We’ve all felt it.
The excitement, the giddiness. You have a new project. You will be the proud owner of a pond.
As with any project there are likely to be elements that get overlooked – simple, obvious things that you only notice once you’ve done the one thing that happens to be, if not irreversible, a huge pain in the neck to undo.
The pond equivalent of super glueing your child’s favourite Kinder egg toy together before realising you’ve somehow missed the tail and now the lion’s mouth doesn’t open and close anymore. Disaster.
Unfortunately with ponds you can’t chuck a tenner at it for a quick fix like the Kinder egg situation you’ve caused (although anyone who’s experienced the love a child has for their specific Kinder toy will likely know replacements don’t work). We hope to provide you the heads up for our top 5 most overlooked pond pointers to give you the best experience of your pond.
We have talked extensively about the benefits of this product in another article about blanket weed. Following on from that we have a request to make of you, dear reader.
If you have even the slightest twinkle in your eye about the possibility of maybe thinking about making any form of pond or water feature, this is a product that should be at the very top of your shopping list
In an act of impeccable customer service read this next bit out loud in a steady, clear voice;
Hey, Alexa, please add clarity to my shopping list.
Feel free to alter this to Siri, depending on your preference but remember it is important to be polite to your devices. They may bear it in mind when they take over.
Clarity is a natural pond conditioner that adds beneficial heterotrophic (the fancy term for ‘poo eating’) bacteria that can seed even a natural pond. The added bonus is that you will never get blanket weed. Ever.
It’s difficult to explain the euphoria experienced by someone who is told they’ll never have blanket weed again to someone who hasn’t experienced it for themselves. In a way it’s almost necessary to suffer the torment to truly appreciate life without it.
There will be many similar examples in everyone’s personal life. Richard (our Gaffer) loves diving but after years of freezing cold misery wrestling with a wetsuit at the bottom of a quarry in Wales he took the plunge (not sorry about that one) and bought a drysuit. Despite the obvious and immediate advantage he still felt he had to ‘earn it. In his words, “I almost pitied those who started their diving journey in a dry suit…they had not experienced what I had experienced.”
Whilst we’re all for learning lessons we draw the line at subjecting our customers to blanket weed. You get the picture. Blanket weed is a nightmare, in order to avoid it use Clarity.
- Should you turn your filters off in winter or not?
There’s a lot of chat about this and due to a small element of nuance people tend to find contrasting advice. To make life easy – here’s ours;
Don’t turn your filter off in winter.
However, there are some considerations to be taken into account. You want to avoid chilling the water down too much & you also want to avoid the water temperature yo-yoing between warm and cold. Fish will tolerate warm or cold temperatures separately but when it alternates between the two problems occur.
It is down to you to insulate things as best you can to stabilise temperatures – this might even be something as simple as wrapping some bubble wrap around your filter box.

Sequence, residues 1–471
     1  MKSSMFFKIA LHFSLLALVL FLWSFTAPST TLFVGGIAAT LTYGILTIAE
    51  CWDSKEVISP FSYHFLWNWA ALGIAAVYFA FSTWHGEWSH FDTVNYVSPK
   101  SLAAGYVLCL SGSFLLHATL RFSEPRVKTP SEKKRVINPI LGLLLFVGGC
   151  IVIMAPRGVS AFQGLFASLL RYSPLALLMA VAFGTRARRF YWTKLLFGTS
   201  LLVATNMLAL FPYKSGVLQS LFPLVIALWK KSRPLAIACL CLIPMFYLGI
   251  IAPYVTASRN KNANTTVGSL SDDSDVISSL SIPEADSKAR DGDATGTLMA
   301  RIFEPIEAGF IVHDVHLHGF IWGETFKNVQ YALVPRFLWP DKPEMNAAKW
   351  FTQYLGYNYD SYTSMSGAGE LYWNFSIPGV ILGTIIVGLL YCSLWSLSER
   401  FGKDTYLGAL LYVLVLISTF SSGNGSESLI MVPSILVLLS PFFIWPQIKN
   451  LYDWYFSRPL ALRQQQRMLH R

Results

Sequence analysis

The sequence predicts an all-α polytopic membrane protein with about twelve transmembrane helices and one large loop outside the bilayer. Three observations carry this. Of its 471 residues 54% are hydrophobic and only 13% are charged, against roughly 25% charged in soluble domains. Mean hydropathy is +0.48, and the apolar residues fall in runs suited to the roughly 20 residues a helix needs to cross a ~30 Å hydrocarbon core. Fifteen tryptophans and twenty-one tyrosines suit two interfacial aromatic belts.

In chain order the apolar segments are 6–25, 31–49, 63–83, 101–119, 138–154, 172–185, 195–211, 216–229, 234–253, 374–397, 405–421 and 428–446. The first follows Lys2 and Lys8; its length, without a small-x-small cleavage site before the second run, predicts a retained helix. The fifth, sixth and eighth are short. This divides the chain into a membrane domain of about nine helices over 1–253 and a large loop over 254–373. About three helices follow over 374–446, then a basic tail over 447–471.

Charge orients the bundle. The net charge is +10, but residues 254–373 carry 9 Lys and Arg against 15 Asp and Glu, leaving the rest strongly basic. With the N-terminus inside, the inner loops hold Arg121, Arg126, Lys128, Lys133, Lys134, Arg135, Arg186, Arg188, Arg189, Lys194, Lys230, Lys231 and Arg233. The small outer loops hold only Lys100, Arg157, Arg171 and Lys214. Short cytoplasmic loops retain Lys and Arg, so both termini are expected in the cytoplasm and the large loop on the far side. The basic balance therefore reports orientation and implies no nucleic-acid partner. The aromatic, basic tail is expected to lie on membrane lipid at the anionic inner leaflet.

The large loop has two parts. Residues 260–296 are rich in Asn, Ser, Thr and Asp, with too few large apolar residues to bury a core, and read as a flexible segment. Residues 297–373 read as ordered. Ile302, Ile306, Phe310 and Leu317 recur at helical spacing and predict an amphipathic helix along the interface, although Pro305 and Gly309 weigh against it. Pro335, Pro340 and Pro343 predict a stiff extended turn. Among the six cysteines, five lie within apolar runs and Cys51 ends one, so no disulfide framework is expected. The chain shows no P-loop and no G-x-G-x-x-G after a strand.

As with all seasonal issues, initial prevention is always the best option. If possible it’s a good idea to plan for this when constructing your pond. Running an extra pipe straight back to the pond from the filter box that bypasses any waterfall or water feature is a good idea.
So you almost have a winter and summer mode, utilising your beautiful cascade in summer, and bypassing this wannabe heat exchanger in winter.This allows you to circulate water from the bottom of the pond where the fish sink down to without disturbing the top water. Reducing the temperature fluctuations, whilst still keeping the water your fish spend all winter sulking in, nice and filtered. Make sure the return pipe from the filter sits around 6 inches beneath the surface of the water.
The same also applies to fountains. They are another way your pond water can be mixing with air that is -3 degrees at night and 10 degrees in the day. It’s probably best to wait until there are no ground frosts before turning a fountain back on again. If it’s your only source of circulation then just remove the fountainhead, so the pump is still actively circulating the pond beneath the surface.
To be honest, many people leave their ponds as they are, all through winter, and don’t see any dramatic ill effects. However, exposing fish to temperature fluctuations weakens them. They take longer to come out of their dormant winter state, often giving bacteria and parasites a head start. So, whilst you are not guaranteed to cause your fish harm, the chances are significantly increased.
3. I want a fountain on my pond, I know I need a filter, can one pump do both jobs?
There are ‘all-in-one’ options out there, I.e. pump , filter and UV. These chaps are designed to do it all, but (you knew there was a but coming!) the smaller ones will do little more than power a fountain, and the larger ones may power a small cascade as well. The biggest problem we find is that A) you’ve got to drag the thing out of the pond every time you need to clean it and B) they seriously overstate the pond volume they will cope with.
With most filters we would recommend dividing their stated capacity by 4 to be 100% sure they will cope with your volume of pond no matter what you throw at them.
With all in ones we recommend dividing by 6 at least…So a 6000 would be suitable for a maximum of 1000 litres.
The best way is always to go for a separate pump and filter. An external filter has a much greater filter capacity and they often have easy clean mechanisms, like the OASE BioSmart.